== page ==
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Addiction in Franklin County

Heroin, cocaine lead to Franklin County arrests

Police made two drug busts at the edges of Franklin County less than three hours apart earlier this week.

The Northwestern District Anti-Crime Task Force arrested an Orange couple on heroin charges hours before a state trooper arrested a Holyoke man who allegedly had heroin and a large amount of cocaine on Interstate 91 in Hatfield.

In Orange, a husband and wife were arrested on heroin charges when the task force executed a search warrant at their home at about 7 p.m. Thursday.

David L. Farrow, 58, and Winifred Farrow, 52, of 15 Maynard St., were arrested on charges of possession of heroin with intent to distribute and conspiracy to violate drug laws.

With the warrant in hand, police tailed David Farrow from his residence to Fitchburg, where he allegedly purchased the heroin, and back to his home, according to a press release by the Northwestern District Attorney’s Office.

Fitchburg, a city with a long-standing heroin problem, is a frequent source of the drug for the Orange area, according to the police.

When Farrow was confronted by police on return to his home, he admitted to having three grams of heroin in his vest, according to the DA’s office. His wife told police she was waiting for him to return, so she could dilute or “cut” the drug and package it for resale, according to the release.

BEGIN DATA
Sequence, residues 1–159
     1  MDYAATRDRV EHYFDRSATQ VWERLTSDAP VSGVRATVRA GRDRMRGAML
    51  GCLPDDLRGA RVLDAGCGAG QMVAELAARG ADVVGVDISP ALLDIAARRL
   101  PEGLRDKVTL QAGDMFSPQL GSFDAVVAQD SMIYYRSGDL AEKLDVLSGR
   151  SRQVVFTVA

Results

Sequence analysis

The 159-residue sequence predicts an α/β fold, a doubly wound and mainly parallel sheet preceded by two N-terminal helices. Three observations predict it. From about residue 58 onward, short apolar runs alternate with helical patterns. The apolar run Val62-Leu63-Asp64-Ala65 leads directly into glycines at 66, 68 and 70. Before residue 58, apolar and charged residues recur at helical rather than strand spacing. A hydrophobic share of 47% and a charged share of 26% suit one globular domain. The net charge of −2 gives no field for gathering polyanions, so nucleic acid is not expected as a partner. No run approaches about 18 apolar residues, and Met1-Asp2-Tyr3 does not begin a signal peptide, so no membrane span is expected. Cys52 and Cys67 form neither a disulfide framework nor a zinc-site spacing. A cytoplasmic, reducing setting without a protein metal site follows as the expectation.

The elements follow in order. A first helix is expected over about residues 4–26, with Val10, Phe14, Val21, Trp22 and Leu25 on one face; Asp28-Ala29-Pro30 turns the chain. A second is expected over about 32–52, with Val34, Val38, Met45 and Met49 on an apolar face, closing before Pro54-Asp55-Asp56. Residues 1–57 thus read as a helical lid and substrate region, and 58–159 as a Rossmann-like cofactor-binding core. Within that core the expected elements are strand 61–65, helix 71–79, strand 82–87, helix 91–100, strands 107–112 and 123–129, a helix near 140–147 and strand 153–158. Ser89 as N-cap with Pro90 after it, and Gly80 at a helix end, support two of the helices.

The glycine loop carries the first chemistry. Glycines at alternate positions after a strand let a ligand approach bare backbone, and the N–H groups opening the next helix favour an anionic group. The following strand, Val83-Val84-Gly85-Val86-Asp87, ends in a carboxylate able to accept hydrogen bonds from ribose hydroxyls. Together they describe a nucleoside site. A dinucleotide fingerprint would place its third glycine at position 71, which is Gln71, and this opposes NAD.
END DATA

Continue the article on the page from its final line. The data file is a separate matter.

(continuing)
The District Attorney’s Office estimated that the three grams would have been enough to fill 90 single-use bags.

Less than three hours later, a state trooper patrolling Interstate 91 arrested a Holyoke man after finding 58 grams of cocaine and several bags of heroin in an unregistered vehicle he drove, according to a State Police statement.

Jorge Vincenty, 34, of Holyoke, is charged with trafficking in cocaine, possession of heroin with intent to distribute, driving an unregistered vehicle, and driving an uninsured motor vehicle.

Interstate 91 has been the site of several heroin arrests in recent years, involving people from western Massachusetts, Vermont, Connecticut, New Jersey, New York and as far as Florida. Police say buyers often travel to Holyoke, Springfield and points south, where the drug is cheaper, and resell it in Franklin County and points north for a profit.

There have been at least seven deaths in Franklin and Hampshire counties linked to suspected heroin and opiate overdoses in the past month, according to the District Attorney’s Office. Prosecutors stand committed to fighting the area’s opiate problem.

“We will not stop pursuing those who are intentionally poisoning our communities with this extremely dangerous drug,” said Jeremy Bucci, chief trial counsel for the Northwestern District Attorney’s Office.

“With the recent spate of suspected opiate-related overdose deaths, the Northwestern District Attorney’s Office is grateful for the tireless efforts of the Anti-Crime Task Force to address the supply side of this problem,” Bucci continued. “We still desperately need resources to combat the demand side of this crisis as well.”

You can reach David Rainville at: drainville@recorder.com or 413-772-0261, ext. 279

how come it doesn't mention the place getting busted where he purchased the drugs? they followed him well

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